ArticleLa Wachkyrie was painted on the sides of the trucks, vans, and converted buses used by Ravitaillement en Viande Fraîche (Fresh Meat Supply).

WachkyrieTruckVersions differ as to who did the original wartime drawing, but I have seen at least one version that includes Benjamin Rabier’s distinctive signature and French Wikipedia says he contributed the image through an official contest. It’s possible.

WachkyrieSignLéon Bel (1878–1957), the man usually credited with developing the soft cheese in the years just after the First World War, may have worked for the RVF (depending on which source you consult), or he may just have been familiar with the image. One way or another, he registered the symbol in 1921 for his “fromage moderne.” But the first packages did not use the same image as the RVF. They show the cow standing up, without earrings, yawning rather than smiling, behind a rudimentary fence.

VacheQuiRitAt some point, it seems, Bel approached Rabier to recreate the original image. The earrings are said to be the suggestion of Bel’s wife, who thought the cow needed to look more feminine. At about the same time, Bel came up with the idea of individually wrapped triangles of cheese, which contributed to the product’s lasting success.

Certainly this nearly 100-year-old invention is going strong. We asked our culinary consultant (Norman’s sister Linda) about the cheese, and she offered the following suggestions:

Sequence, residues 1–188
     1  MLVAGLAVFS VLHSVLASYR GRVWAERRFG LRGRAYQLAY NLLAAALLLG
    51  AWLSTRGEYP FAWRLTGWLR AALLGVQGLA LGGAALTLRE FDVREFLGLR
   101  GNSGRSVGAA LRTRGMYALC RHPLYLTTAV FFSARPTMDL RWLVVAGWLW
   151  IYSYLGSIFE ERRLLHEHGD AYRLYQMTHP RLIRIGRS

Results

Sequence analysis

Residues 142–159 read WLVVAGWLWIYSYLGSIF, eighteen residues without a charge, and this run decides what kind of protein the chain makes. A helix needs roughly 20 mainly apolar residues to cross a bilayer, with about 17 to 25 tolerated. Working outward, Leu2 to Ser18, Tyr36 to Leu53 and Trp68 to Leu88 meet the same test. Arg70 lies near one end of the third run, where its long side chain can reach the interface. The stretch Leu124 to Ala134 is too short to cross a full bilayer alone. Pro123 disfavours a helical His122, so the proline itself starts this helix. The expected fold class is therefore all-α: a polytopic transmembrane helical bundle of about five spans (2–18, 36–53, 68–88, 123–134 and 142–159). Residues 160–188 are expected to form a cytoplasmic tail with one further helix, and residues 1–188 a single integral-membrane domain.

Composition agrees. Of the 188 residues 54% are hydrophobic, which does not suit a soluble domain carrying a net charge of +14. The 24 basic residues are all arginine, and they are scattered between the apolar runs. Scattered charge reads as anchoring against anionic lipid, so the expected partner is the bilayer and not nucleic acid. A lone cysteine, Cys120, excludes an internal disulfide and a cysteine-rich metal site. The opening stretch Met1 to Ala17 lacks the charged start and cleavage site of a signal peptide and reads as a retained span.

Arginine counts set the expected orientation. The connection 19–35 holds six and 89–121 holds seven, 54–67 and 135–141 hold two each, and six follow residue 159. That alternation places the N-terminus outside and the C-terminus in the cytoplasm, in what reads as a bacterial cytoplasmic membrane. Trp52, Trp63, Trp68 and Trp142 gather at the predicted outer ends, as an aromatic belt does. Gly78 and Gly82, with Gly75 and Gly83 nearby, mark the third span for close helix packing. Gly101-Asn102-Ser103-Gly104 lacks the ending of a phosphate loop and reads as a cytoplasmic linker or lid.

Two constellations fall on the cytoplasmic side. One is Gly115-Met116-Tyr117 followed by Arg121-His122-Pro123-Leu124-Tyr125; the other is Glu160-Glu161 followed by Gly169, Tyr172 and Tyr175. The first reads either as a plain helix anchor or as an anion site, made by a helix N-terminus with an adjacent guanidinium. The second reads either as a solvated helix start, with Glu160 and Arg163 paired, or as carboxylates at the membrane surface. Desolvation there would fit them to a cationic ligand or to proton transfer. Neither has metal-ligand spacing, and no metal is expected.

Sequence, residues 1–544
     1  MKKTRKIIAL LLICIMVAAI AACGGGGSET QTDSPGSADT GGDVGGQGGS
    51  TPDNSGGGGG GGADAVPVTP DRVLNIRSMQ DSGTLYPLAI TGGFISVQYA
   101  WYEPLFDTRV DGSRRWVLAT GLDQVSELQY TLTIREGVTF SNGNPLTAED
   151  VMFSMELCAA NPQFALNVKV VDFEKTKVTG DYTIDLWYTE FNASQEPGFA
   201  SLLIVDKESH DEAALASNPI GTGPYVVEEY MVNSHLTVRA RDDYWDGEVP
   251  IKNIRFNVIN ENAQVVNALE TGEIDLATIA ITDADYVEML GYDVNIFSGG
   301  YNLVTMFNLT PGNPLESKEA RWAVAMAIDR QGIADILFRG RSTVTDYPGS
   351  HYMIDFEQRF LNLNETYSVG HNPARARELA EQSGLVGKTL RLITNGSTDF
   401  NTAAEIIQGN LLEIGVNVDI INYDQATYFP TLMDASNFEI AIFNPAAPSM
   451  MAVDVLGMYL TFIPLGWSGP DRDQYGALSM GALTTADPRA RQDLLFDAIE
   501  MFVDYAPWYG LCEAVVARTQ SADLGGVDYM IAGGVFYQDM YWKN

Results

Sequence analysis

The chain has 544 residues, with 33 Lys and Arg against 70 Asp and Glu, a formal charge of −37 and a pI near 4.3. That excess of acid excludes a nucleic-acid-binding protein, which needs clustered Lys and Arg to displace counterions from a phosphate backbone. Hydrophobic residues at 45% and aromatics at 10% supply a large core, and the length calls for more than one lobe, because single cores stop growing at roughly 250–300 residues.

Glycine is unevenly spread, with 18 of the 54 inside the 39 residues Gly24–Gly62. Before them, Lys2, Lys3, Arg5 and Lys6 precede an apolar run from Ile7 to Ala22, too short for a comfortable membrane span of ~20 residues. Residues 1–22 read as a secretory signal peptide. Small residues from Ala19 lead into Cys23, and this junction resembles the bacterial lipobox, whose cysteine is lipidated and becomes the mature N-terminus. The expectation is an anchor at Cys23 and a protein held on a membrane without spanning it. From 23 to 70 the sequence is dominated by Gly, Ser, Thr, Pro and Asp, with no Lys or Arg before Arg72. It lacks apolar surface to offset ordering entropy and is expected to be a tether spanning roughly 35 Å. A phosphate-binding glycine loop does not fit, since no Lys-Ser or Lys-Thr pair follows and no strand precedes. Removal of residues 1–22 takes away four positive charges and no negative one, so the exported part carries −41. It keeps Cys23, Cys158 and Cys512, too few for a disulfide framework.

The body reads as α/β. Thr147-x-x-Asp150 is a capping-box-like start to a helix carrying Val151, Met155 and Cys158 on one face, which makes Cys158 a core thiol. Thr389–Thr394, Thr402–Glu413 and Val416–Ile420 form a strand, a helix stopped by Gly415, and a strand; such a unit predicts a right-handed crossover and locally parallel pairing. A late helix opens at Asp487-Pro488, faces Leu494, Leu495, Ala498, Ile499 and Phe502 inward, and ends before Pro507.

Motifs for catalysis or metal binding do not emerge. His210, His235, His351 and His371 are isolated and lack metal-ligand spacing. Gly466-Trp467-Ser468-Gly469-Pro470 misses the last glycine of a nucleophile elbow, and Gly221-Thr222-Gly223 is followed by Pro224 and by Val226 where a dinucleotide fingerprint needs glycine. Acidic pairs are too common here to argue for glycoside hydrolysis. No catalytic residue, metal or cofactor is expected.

1. You can make any kind of vegetable soup with it. Sauté onions, add garlic, parsley, salt, and pepper, some broth, add diced vegetables, such as squash, turnip, carrot, zucchini, leeks, potatoes. Boil gently till veg are soft, purée with immersion blender or food processor, having added in 1–4 wedges of the cheese, depending on taste and quantity.
  2. Add 1 or 2 portions of La Vache Qui Rit to scrambled eggs. Stir to melt in.
  3. Drain a can of giant escargots, sauté in butter (and/or oil if desired) with 1 or 2 cloves crushed garlic. Remove escargots and set aside. Add a little broth or reserved liquid from can to the pan, heat and whisk in 1 or 2 wedges of La Vache Qui Rit until melted, return escargots to pan, stir to heat and coat in cheese. You could also grate a little aged cheddar over it before serving.

Of course, results will vary according to which country you are in. But bon appétit and Happy New Year to all.


Text by Philippa Campsie, all images from Gallica, except for the picture of the army truck, the Wachkyrie sign, the original can of cheese, and the winking cow. For more information, see the Maison de la Vache Qui Rit, a museum devoted to the brand. Thanks to Linda Prinsthal for the recipes.


*The choice of Rabier for the newsletter was prompted by an exhibit devoted to his work at the Museum of Children’s Illustration in Moulins (about 2½ hours by train from Paris, according to their website). If we were in France right now, we’d go.

**As it happens, I am also reading an absorbing book about this part of La France profonde: Célestine: Voices from a French Village, by Gillian Tindall (Henry Holt and Company, 1995).